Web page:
KASB Legislative Roundup, Fri. May 15Scott Rothschild
The Kansas House Judiciary Committee heard a briefing on the authority of the governor and local health officials to implement orders and restrictions for disasters and emergencies on Friday.
The briefing was a preview of a hearing Monday expected to feature the Legislature’s chief legal advisor, the state Attorney General and a representative of the Governor’s office. The Legislature endorsed Gov. Laura Kelly’s original disaster declaration in March, but many Republicans have criticized the pace of her plan to remove restrictions on business, social and religious gatherings and other activities.
Last week, the State Finance Council, composed of the governor and legislative leaders, would only approve the governor’s latest disaster declaration through May 25, rather than June 14 as she requested. Some GOP legislators have suggested tying any extension to passing limits on the governor’s authority during the one-day final session of the 2020 Legislature next Thursday, May 21.
The committee also held a long discussion Friday concerning possible legislation on legal defenses against COVID-19 lawsuits but took no action. The Senate Judiciary Committee meets Monday through Wednesday to consider the same two issues: COVID-related liability issues and the governor’s authority to deal with disasters and emergencies.
Also Friday, the House Appropriations Committee held a lengthy discussion about legislative oversight over $2 billion in federal aid for COVID-related expenses received through the Governor’s office. While not all details are known about how those funds can be spent, it appears they cannot be used to replace lost state and local government tax revenue due to the economic downturn caused by the pandemic.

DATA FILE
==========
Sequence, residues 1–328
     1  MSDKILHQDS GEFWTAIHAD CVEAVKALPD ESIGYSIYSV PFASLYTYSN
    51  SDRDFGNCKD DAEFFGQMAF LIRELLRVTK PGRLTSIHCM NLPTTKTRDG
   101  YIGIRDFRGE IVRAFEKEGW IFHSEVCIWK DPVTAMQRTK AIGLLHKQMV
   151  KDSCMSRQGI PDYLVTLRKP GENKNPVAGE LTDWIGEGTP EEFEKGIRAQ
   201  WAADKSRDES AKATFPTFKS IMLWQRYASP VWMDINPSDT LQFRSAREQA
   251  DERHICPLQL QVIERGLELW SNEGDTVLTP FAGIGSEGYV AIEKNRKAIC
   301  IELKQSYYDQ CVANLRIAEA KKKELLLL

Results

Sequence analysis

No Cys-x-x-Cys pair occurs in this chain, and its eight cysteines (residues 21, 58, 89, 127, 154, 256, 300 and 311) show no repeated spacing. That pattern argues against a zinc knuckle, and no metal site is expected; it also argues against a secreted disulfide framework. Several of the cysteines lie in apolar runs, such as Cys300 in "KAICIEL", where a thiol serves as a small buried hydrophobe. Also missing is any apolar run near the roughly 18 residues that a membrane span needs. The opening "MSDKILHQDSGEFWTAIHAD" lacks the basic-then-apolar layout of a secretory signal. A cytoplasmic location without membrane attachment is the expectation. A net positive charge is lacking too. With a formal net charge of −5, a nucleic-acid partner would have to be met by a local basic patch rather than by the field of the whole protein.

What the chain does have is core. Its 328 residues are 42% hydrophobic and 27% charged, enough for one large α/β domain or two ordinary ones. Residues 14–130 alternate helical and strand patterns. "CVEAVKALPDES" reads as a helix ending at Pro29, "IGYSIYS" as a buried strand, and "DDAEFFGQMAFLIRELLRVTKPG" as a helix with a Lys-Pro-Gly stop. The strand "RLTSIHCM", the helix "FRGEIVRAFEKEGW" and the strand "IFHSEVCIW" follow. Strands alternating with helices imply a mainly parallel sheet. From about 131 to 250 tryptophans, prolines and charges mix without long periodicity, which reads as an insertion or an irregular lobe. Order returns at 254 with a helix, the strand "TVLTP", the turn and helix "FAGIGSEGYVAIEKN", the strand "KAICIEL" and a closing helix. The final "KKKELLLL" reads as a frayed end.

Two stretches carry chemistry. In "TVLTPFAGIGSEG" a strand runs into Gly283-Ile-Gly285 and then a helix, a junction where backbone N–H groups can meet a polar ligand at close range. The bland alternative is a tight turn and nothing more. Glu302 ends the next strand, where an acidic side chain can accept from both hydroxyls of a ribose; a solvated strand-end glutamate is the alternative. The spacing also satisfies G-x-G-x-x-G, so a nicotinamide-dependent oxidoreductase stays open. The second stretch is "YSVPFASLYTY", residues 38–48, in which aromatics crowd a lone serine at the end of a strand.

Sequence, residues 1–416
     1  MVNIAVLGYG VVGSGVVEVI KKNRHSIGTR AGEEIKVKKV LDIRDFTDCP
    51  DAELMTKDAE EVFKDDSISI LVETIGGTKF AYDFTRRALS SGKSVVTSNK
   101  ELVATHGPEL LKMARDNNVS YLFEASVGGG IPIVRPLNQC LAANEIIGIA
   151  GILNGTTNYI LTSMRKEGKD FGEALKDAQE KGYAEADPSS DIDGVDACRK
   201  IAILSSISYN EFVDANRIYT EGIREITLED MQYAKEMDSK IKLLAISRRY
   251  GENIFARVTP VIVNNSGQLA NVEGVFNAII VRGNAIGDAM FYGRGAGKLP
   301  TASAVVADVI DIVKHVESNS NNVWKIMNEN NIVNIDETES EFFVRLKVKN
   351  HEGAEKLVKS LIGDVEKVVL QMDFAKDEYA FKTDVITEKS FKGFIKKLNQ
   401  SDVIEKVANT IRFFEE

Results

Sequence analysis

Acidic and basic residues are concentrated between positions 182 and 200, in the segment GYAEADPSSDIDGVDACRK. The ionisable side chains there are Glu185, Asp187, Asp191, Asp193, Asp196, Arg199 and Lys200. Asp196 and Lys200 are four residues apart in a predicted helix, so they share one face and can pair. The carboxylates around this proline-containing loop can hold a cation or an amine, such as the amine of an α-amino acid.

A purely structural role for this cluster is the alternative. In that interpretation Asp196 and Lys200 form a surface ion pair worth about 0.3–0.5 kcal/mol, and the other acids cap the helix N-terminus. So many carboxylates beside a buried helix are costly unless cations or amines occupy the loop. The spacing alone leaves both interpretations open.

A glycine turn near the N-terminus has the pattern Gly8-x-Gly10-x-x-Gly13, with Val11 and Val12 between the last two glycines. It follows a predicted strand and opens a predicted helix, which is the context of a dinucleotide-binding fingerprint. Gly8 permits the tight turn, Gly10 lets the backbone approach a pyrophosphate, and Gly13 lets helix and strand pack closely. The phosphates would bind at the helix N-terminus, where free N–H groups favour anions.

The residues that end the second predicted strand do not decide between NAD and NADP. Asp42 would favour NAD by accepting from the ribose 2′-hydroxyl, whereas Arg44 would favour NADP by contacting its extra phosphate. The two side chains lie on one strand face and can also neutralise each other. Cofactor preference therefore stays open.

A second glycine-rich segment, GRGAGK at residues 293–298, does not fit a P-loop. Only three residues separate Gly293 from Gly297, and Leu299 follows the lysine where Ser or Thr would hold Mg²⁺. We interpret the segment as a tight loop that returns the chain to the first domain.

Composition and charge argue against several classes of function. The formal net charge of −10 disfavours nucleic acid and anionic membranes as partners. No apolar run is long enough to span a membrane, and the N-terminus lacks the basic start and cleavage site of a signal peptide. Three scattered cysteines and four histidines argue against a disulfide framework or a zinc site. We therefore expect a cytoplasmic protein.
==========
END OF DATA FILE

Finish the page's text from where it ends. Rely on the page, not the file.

Kelly says she will be setting up a steering committee to manage the use of these funds and suggested it will include members of the Legislature. But the committee has not yet been named and many Appropriations Committee members said they wanted stronger oversight through the legislative budget process.
Unless legislators try to reopen the 2020 and 2021 budgets approved in March, it appears the Legislature’s role would be advisory and review only, as the governor currently has the authority to spend those funds provided federal rules for the programs are followed.
In a media conference today, Kelly reiterated that the state will face deep shortfalls in revenue unless the federal government provide replacement funding. A healthy ending balance should allow the state to finish the fiscal year ending June 30 without budget cuts, and no cuts are planned for next year until the state finds out if more federal aid will be provided. Without additional revenue, the state general fund is projected to face a deficit of over 8 percent, and over half of the state general fund is appropriated for K-12 state aid.